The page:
This evening we watched a DVD about The Abbey of Gethsemani the Trappist monastery in Kentucky where Thomas Merton lived during the latter part of his life. The Abbey has a classic URL: http://www.monks.org/. A contemplative order they may be, out of touch with the world they are not.
We are so obsessed with doing that we have no time and no imagination left for being. As a result, men (and women) are valued not for what they are but for what they do or what they have – for their usefulness.
A modern day Zen monk is remembered for say that Zazen is ‘good for nothing’!
Here’s more on Thomas Merton for your interest and information.
The abbot (of Gethsemani also) urged the young monk (Thomas Merton) to write his autobiography, which was published under the title The Seven Storey Mountain (1948) and became a best-seller and a classic. During the next 20 years, Merton wrote prolifically on a vast range of topics, including the contemplative life, prayer, and religious biographies. His writings would later take up controversial issues (e.g., social problems and Christian responsibility: race relations, violence, nuclear war, and economic injustice) and a developing ecumenical concern. He was one of the first Catholics to commend the great religions of the East to Roman Catholic Christians in the West.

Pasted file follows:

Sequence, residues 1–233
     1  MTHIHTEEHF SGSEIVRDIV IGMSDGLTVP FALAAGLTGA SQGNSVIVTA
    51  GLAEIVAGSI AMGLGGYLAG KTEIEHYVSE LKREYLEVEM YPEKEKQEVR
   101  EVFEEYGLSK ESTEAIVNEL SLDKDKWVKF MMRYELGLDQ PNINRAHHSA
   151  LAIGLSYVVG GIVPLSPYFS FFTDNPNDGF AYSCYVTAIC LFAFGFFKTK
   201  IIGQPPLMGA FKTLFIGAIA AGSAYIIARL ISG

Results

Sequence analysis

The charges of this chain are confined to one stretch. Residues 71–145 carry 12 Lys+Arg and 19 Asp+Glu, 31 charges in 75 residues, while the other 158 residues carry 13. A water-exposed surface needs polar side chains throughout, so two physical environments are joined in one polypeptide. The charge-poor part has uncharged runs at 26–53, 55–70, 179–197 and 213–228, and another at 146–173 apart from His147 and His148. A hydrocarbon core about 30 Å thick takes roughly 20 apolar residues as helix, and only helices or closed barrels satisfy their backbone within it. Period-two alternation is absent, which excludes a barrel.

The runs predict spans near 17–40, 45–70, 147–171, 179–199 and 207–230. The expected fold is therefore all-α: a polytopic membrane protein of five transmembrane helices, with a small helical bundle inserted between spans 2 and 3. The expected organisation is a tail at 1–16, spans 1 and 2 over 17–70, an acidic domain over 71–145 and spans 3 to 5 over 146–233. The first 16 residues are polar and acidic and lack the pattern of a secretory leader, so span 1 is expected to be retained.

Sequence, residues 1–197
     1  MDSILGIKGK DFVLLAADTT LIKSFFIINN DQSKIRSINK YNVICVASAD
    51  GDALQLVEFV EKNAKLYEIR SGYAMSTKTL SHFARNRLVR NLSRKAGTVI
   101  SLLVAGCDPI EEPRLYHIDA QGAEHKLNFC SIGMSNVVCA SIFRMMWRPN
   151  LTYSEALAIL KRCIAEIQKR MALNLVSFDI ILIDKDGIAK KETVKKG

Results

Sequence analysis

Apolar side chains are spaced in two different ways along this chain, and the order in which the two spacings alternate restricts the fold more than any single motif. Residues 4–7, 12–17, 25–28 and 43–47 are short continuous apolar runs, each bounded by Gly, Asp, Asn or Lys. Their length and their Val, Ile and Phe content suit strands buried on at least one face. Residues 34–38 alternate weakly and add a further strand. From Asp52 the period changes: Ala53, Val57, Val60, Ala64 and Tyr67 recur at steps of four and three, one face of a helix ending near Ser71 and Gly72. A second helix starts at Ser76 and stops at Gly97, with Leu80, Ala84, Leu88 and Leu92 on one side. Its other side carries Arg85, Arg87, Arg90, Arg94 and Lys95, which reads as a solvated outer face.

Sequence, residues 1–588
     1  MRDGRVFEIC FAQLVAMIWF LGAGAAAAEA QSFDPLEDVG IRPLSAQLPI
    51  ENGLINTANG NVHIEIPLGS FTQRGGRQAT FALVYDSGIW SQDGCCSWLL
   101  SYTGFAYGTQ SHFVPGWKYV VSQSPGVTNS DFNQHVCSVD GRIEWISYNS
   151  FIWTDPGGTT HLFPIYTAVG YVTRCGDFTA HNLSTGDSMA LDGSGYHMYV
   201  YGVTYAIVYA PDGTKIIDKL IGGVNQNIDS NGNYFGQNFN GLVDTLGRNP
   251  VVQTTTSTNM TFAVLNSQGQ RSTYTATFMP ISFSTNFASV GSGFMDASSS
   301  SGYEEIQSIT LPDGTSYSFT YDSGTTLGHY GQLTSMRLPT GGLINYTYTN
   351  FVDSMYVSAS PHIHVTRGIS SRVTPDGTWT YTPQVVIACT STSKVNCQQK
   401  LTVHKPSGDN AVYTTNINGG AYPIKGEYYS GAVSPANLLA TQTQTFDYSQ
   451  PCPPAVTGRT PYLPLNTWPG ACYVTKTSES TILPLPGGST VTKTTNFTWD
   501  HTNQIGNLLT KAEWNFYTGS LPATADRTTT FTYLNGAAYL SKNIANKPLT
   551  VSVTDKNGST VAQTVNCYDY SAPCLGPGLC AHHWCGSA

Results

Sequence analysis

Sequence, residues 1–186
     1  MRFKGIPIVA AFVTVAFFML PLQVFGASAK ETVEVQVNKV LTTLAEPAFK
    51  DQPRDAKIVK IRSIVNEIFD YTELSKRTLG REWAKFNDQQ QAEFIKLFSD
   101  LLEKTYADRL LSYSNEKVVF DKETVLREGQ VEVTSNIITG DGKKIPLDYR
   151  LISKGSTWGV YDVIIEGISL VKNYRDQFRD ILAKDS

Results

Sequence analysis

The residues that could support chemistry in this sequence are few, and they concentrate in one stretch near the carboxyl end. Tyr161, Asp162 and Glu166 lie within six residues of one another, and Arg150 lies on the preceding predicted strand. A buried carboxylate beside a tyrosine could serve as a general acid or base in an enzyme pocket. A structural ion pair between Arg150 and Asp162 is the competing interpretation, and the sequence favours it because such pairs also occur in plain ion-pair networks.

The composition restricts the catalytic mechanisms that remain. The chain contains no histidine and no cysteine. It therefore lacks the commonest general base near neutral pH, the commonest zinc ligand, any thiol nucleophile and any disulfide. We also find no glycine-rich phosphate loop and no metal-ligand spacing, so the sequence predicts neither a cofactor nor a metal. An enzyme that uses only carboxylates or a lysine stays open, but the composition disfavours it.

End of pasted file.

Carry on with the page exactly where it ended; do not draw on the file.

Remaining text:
For some years Gethsemani has hosted conferences under the banner Inter-religious Dialogue when Buddhist and Christian Monastics join to debate. This years meeting which ended a couple of days ago was titled Monasticism and the Environment.
Links to the works of Thomas Merton on-line.